Thrush during pregnancy: the facts

Always see a doctor if you're concerned about any aspects of your health or wellbeing while pregnant.
Always see a doctor if you're concerned about any aspects of your health or wellbeing while pregnant. 

What is it?

Thrush is a fungal infection that can develop in warm, moist areas of the body, such as the mouth or vagina, when there is an imbalance of candida (yeast) and good bacteria. Candida is always present in the body but is usually regulated by the presence of good bacteria. However the numbers of good bacteria can decrease because of:

  • Dietary changes or nutritional deficiencies
  • Some illnesses and health conditions such as diabetes
  • Taking medications such as antibiotics or oral contraception
  • Stress
  • Pregnancy

In the case of pregnancy, thrush is usually caused by the overproduction of a sugar (glucose) called glycogen which leads to the vagina becoming more alkaline than acidic, an environment in which bad bacteria and yeast thrive. Additionally the extra amount of vaginal discharge during pregnancy makes the vagina even moister, enabling thrush to set in more easily, particularly if a woman has experienced thrush prior to pregnancy or in a previous pregnancy.

What are the symptoms?

  • Discharge that is thicker and heavier than normal
  • Vaginal itching and redness
  • A rash outside and around the vagina
  • Discomfort and/or pain during sex
  • Discomfort and/or pain when passing urine
  • An unpleasant odour
  • White patches on the skin of the vagina

How is it diagnosed?

Thrush can be confirmed by a doctor after a vaginal examination and sending out a swab sample taken from inside the vagina, or a sample of vaginal discharge, for testing.

Other conditions such as cystitis, bacterial vaginosis and certain STD’s such as gonorrhoea and herpes can mimic some of the symptoms of thrush. Test results will confirm which condition it is, and treatment will be based on the diagnosis.

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Bacterial vaginosis infections can lead to premature labour, so treatment will need to be sought quickly to prevent this from happening. One way to distinguish bacterial vaginosis from thrush is that there is often a strong fishy smell in the case of bacterial vaginosis.

What's the treatment?

Thrush is usually treated using antifungal creams, or oral medications, but during pregnancy oral medications probably won’t be given, as they are more easily absorbed into the blood stream which could cross the placenta to the baby, and the effects of oral thrush medications on a foetus are not yet known.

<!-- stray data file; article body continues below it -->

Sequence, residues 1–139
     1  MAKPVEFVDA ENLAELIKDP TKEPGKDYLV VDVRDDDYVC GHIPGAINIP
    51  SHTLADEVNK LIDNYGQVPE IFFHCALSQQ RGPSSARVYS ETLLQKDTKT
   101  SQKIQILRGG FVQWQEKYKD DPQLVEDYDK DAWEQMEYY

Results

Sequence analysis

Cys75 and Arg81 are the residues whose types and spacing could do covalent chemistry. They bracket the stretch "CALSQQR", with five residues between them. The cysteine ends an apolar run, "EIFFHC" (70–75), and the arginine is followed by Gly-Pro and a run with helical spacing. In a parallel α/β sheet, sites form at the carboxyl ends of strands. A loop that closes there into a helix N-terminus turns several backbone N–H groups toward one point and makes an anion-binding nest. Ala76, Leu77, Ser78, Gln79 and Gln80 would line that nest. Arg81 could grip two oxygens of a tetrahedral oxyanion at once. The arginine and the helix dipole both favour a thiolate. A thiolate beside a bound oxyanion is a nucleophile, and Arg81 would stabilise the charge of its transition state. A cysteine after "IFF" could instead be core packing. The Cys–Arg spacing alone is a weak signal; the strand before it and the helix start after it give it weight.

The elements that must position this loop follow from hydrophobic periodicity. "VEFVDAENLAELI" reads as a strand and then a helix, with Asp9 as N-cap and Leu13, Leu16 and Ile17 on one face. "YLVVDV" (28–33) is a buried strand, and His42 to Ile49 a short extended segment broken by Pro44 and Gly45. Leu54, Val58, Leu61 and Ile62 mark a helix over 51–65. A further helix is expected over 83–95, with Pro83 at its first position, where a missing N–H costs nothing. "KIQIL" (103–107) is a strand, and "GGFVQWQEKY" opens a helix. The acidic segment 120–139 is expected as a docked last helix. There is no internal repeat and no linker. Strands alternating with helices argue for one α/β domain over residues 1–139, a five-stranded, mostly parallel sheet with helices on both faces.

When creams are used to treat thrush in pregnancy, they are better used without an applicator and instead being inserted by hand, unless a doctor says it is okay.

Taking probiotics can help restore healthy levels of good bacteria but treatment for thrush using one of the above methods deemed safe for pregnancy, should still be used to ensure it goes away.

The vagina will be less hospitable for thrush when women:

  • Wear loose-fitting clothing and underwear
  • Avoid using douches, bubble bath and swimming in chlorine and heated pools; which can all further upset the pH of the vagina.

Men can also develop thrush after sexual contact with a woman who has it, and may have red skin on the penis, and difficulty or discomfort when urinating. They could also possibly have thrush in the mouth after oral sex. Men will need to be treated in the same way as women in order to prevent the infection being passed back and forth between a couple.

Does it affect the baby?

Thrush cannot affect the baby when it is in utero, but if a pregnant woman still has thrush when they give birth, babies can develop the infection as a result of this. In babies thrush will appear in the mouth, rather on the genitals, with white patches on the cheeks, gums and roof of the mouth, that can spread to the breasts during breastfeeding, because again, lactation provides a warm and most environment for thrush.

Thrush on the breasts may be accompanied by pain and nipple irritation for some women, and can lead to fussiness, breast refusal and nappy rash in infants. Treatment with antifungal gels or drops is required for both mother and baby until the thrush is no longer present. Breastfeeding women should be sure to sterilise all breastfeeding equipment and dummies properly until the thrush has passed.

Facts verified by Dr Andrew Zuschmann. Dr Andrew Zuschmann is a Miranda-based fertility specialist, obstetrician and gynaecologist.